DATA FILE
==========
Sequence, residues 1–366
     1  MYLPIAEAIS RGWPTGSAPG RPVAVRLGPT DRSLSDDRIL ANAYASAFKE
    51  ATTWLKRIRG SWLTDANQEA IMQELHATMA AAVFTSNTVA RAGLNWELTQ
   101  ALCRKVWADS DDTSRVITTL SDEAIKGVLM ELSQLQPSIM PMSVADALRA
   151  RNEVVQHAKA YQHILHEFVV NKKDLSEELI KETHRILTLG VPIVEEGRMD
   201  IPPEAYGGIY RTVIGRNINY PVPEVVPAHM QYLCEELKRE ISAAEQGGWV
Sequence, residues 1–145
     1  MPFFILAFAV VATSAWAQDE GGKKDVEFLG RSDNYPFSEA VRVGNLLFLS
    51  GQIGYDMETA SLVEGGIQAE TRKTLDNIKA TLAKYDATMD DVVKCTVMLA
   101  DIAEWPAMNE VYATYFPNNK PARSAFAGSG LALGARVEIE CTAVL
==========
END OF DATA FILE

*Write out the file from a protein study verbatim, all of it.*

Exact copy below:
Sequence, residues 1–366
     1  MYLPIAEAIS RGWPTGSAPG RPVAVRLGPT DRSLSDDRIL ANAYASAFKE
    51  ATTWLKRIRG SWLTDANQEA IMQELHATMA AAVFTSNTVA RAGLNWELTQ
   101  ALCRKVWADS DDTSRVITTL SDEAIKGVLM ELSQLQPSIM PMSVADALRA
   151  RNEVVQHAKA YQHILHEFVV NKKDLSEELI KETHRILTLG VPIVEEGRMD
   201  IPPEAYGGIY RTVIGRNINY PVPEVVPAHM QYLCEELKRE ISAAEQGGWV
Sequence, residues 1–145
     1  MPFFILAFAV VATSAWAQDE GGKKDVEFLG RSDNYPFSEA VRVGNLLFLS
    51  GQIGYDMETA SLVEGGIQAE TRKTLDNIKA TLAKYDATMD DVVKCTVMLA
   101  DIAEWPAMNE VYATYFPNNK PARSAFAGSG LALGARVEIE CTAVL